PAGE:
averageX = _mm256_add_pd(averageX, neighboursX);
averageY = _mm256_add_pd(averageY, neighboursY);
averageZ = _mm256_add_pd(averageZ, neighboursZ);
}
// Divides the accumulated vector to average it
__m256d averageFactorVec = _mm256_set1_pd(AVERAGE_FACTOR);
averageX = _mm256_mul_pd(averageX, averageFactorVec);
averageY = _mm256_mul_pd(averageY, averageFactorVec);
averageZ = _mm256_mul_pd(averageZ, averageFactorVec);
__m256d verticesCopyXVector = _mm256_load_pd(verticesCopyX + vertexIndex);
__m256d verticesCopyYVector = _mm256_load_pd(verticesCopyY + vertexIndex);
__m256d verticesCopyZVector = _mm256_load_pd(verticesCopyZ + vertexIndex);
averageX = _mm256_sub_pd(averageX, verticesCopyXVector);
averageY = _mm256_sub_pd(averageY, verticesCopyYVector);
averageZ = _mm256_sub_pd(averageZ, verticesCopyZVector);
averageX = _mm256_mul_pd(averageX, weighVector);
averageY = _mm256_mul_pd(averageY, weighVector);
averageZ = _mm256_mul_pd(averageZ, weighVector);
averageX = _mm256_add_pd(averageX, verticesCopyXVector);
averageY = _mm256_add_pd(averageY, verticesCopyYVector);
averageZ = _mm256_add_pd(averageZ, verticesCopyZVector);
_mm256_store_pd(smoothedX + vertexIndex, averageX);
_mm256_store_pd(smoothedY + vertexIndex, averageY);
_mm256_store_pd(smoothedZ + vertexIndex, averageZ);
}
becomes :
for (unsigned int vertexIndex{ 0 }; vertexIndex < vertexCount; vertexIndex += 4, neighbourPtr += 12) {
average.setZero();
for (unsigned int neighbourIndex{ 0 }; neighbourIndex < MAX_NEIGHBOURS; ++neighbourIndex, ++neighbourPtr) {
ComponentVector256d neighbourPositions{
_mm256_setr_pd(verticesCopyX[neighbourPtr[0]], verticesCopyX[neighbourPtr[0 + 4]], verticesCopyX[neighbourPtr[0 + 8]], verticesCopyX[neighbourPtr[0 + 12]]),
_mm256_setr_pd(verticesCopyY[neighbourPtr[0]], verticesCopyY[neighbourPtr[0 + 4]], verticesCopyY[neighbourPtr[0 + 8]], verticesCopyY[neighbourPtr[0 + 12]]),
_mm256_setr_pd(verticesCopyZ[neighbourPtr[0]], verticesCopyZ[neighbourPtr[0 + 4]], verticesCopyZ[neighbourPtr[0 + 8]], verticesCopyZ[neighbourPtr[0 + 12]])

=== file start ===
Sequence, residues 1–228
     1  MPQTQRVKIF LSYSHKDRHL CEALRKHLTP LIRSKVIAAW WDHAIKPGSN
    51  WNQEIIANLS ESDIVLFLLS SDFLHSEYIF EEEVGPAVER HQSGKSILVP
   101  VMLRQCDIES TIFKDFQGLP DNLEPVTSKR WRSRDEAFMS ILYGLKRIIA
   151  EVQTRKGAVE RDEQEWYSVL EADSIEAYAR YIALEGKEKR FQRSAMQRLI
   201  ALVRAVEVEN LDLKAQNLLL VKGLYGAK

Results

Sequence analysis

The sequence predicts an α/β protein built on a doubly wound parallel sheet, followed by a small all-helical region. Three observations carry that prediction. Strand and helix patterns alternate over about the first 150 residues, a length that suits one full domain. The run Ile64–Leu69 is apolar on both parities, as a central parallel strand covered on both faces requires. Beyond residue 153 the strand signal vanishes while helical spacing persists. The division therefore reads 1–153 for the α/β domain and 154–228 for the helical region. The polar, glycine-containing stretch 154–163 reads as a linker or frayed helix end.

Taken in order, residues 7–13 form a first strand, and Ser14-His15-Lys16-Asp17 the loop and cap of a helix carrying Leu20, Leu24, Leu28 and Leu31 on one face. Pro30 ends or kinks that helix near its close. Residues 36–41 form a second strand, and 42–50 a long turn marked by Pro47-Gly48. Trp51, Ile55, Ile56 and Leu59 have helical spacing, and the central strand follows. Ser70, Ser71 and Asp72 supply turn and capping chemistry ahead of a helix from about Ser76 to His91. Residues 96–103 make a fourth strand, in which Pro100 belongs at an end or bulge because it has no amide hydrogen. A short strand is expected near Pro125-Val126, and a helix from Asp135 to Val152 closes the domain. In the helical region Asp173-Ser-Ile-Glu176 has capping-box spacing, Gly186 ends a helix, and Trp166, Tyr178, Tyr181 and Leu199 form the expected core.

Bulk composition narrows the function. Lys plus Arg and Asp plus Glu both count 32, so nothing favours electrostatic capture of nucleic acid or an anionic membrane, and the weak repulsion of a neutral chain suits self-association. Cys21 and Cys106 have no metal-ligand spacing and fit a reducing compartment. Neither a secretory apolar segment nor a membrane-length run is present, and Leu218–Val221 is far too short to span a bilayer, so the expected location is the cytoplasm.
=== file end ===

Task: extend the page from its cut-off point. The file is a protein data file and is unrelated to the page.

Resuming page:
};
average += neighbourPositions;
}
// Divides the accumulated vector to average it
__m256d averageFactorVec = _mm256_set1_pd(AVERAGE_FACTOR);
average *= averageFactorVec;
ComponentVector256d verticesCopyPositions{ verticesCopyX.data() + vertexIndex, verticesCopyY.data() + vertexIndex, verticesCopyZ.data() + vertexIndex };
average = (average  verticesCopyPositions) * weighVector + verticesCopyPositions;
average.store(smoothedX.data() + vertexIndex, smoothedY.data() + vertexIndex, smoothedZ.data() + vertexIndex);
}
Which is a lot more readable.
Some other structural changes
One thing that is of note, before looking at a vectorization code example from the deformer, is that I decided to limit the number of neighbours for each vertex to a known, arbitrary number. In this case four. What does this imply? Well first of all, we are obviosly compromising here. We get so much, performance wise, as we save a lot of computations, like all the length() methods, we move some to compile time and we help the compiler a lot. But we lose a lot the other way too. As we are limiting the number of neighbours, we are obviosly approximating the smoothing. This is absurdly obvious on the test scenes I use, for example. As the caps of the cylinders have around 12 neighbours, using only 4 and considering how vertex IDs are set on the Cylinder primitive we have an big error on the central vertex that moves to one of the sides.
For this exercise this is more than okay, I’m not writing with a production level in mind. In a working environment usually you would have more than one version of this or have some flag to activate or deactivate this limit.